Air travelers faced another day of delays and cancellations Saturday as an early-season winter storm moved from the South toward the Northeast. All big airlines were waiving changes for flights to a number of destinations across the East.

Nationwide, nearly 860 flights had been canceled and another 4,600 delayed as of 7:45 p.m. ET, according to flight-tracking service FlightAware.

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For the second day in a row, Atlanta’s airport was the hardest hit. More than 415 flights had been canceled there so far on Saturday. With that total, about one out of every five flights in Atlanta had been canceled for Saturday. On Friday, nearly 1,200 flights there were canceled -- are more than 40% of the schedule. 

The Atlanta disruptions were particularly troublesome for Delta Air Lines, which operates its busiest hub at the airport.

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“Prolonged wintry precipitation and plunging temperatures continue to adversely affect Delta’s hub operation in Atlanta,” the carrier said Saturday morning. Delta said the storm forced it to cancel 970 flights Friday close to 300 so far Saturday.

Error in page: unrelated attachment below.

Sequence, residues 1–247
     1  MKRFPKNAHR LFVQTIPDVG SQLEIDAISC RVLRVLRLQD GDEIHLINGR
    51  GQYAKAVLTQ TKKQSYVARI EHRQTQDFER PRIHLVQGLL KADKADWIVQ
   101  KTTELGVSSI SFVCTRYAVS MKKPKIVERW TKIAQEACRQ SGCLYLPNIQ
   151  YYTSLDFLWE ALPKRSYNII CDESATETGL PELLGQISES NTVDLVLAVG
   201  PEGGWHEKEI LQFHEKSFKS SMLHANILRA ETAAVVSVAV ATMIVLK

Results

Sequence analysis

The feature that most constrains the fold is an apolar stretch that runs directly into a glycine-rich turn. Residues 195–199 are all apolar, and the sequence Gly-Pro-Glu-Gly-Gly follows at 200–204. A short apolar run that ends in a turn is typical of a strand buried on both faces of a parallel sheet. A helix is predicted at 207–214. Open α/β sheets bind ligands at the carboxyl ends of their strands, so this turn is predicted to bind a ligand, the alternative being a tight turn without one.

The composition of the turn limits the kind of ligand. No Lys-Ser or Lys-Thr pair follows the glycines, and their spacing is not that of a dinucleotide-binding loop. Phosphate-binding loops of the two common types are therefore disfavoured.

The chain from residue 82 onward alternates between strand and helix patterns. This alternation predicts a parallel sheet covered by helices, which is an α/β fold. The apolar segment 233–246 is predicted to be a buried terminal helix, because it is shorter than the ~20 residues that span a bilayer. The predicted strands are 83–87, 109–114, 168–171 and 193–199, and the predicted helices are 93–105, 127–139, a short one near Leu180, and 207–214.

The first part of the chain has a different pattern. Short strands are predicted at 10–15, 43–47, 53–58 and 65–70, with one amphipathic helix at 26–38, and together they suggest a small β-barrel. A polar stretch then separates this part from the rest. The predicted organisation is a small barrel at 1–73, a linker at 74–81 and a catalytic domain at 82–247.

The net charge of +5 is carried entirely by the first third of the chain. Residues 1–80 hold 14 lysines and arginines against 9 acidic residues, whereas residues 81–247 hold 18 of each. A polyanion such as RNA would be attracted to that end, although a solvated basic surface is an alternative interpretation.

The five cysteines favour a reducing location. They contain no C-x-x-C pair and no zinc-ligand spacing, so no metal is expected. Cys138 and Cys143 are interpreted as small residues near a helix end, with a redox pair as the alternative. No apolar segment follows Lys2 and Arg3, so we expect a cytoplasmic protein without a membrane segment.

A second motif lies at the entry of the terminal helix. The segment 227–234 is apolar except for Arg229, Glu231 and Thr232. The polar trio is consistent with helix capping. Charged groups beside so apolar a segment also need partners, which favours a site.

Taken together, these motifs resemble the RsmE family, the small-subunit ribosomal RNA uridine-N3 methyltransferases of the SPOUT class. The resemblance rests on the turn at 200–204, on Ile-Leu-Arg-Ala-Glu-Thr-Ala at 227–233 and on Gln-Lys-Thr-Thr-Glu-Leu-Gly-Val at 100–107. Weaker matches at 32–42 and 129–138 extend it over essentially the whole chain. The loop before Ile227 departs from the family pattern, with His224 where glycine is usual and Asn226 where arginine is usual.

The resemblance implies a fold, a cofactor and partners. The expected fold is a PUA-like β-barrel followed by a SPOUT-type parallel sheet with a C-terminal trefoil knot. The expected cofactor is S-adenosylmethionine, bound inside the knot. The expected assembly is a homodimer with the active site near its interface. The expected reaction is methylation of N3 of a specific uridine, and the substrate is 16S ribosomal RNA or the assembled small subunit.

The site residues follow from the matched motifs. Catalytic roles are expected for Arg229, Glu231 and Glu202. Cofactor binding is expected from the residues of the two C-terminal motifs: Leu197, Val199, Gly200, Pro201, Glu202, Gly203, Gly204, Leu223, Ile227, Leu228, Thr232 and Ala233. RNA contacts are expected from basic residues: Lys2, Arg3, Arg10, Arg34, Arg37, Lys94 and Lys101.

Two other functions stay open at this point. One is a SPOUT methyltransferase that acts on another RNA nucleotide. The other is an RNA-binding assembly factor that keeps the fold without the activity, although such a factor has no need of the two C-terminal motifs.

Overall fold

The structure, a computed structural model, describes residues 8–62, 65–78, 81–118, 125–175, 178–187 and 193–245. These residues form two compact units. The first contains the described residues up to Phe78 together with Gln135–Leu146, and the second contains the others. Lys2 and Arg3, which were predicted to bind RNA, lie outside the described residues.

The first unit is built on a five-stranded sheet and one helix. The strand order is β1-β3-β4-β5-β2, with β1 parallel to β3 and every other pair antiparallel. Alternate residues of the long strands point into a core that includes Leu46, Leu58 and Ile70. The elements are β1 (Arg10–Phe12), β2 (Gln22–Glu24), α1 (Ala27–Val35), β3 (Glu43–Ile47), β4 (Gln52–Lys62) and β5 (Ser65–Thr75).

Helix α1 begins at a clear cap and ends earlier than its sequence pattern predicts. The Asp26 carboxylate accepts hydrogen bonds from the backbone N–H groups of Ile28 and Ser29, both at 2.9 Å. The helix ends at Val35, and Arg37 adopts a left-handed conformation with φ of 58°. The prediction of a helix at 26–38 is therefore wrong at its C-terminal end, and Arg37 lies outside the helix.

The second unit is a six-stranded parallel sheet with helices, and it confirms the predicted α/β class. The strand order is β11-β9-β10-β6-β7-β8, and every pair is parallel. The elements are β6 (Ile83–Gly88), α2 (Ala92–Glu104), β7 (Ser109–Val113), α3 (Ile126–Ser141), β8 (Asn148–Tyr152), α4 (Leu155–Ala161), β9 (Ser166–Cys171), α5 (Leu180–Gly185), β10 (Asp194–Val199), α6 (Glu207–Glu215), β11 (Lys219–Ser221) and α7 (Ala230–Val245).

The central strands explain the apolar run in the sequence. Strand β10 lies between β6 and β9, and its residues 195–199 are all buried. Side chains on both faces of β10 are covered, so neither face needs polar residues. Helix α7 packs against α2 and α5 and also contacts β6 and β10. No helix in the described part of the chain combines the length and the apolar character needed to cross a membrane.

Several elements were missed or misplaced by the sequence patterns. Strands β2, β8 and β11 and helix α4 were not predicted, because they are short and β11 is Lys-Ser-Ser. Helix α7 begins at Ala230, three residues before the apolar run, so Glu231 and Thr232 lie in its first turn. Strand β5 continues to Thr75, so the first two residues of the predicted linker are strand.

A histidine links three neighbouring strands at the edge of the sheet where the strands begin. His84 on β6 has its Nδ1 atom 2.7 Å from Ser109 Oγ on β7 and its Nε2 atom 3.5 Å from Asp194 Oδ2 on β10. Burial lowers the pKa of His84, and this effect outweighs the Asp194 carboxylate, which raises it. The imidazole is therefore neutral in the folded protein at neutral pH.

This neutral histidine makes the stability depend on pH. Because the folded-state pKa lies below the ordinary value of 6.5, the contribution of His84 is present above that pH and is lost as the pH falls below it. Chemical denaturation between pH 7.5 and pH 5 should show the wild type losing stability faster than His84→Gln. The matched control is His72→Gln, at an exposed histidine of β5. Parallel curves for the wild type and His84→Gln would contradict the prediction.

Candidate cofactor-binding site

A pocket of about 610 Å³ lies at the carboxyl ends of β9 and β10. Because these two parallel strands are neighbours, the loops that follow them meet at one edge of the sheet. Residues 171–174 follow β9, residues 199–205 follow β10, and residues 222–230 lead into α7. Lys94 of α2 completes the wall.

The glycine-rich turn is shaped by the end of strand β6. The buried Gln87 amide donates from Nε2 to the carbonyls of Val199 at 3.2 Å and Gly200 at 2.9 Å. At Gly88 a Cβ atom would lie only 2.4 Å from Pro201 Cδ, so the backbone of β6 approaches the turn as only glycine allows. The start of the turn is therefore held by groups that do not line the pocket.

Southwest, the No. 2 carrier in Atlanta, also has been forced to cancel more than 130 flights across the nation on both Friday and Saturday.

By Saturday morning, the travel woes had expanded beyond the South. By mid-morning, snow had begun to fall in New York, Washington, Baltimore, Boston and Philadelphia. Snow totals were forecast to be less than 6 inches for most of the region, a relatively modest amount for a region used to wintry precipitation. Still, the weather was causing problems at airports.

At the Baltimore/Washington International – a major base for Southwest and Spirit – 88 flights had been canceled as of 12:40 p.m. ET, FlightAware counted. That accounted for close to 15% of day’s flights.

Most of the region’s other major airports also were seeing above-average rates of delays and cancellations. At Newark Liberty, about 10% of the day's flights were canceled and another 15% were late. 

Other airports where fliers were seeing notable disruptions included New York LaGuardia; New York JFK; Washington Reagan National; Boston; Raleigh/Durham; Columbus, Ohio; and Richmond, Va. Though none of those were gridlocked, some delay and cancellation problems ranged from nuisance to significant disruption.

The ripple effect of the problems in Atlanta and the Northeast were being felt across the nation.

In Florida, for example, about 30 flights had been canceled at Orlando International – mostly fallout from the problems in Atlanta and the Northeast.

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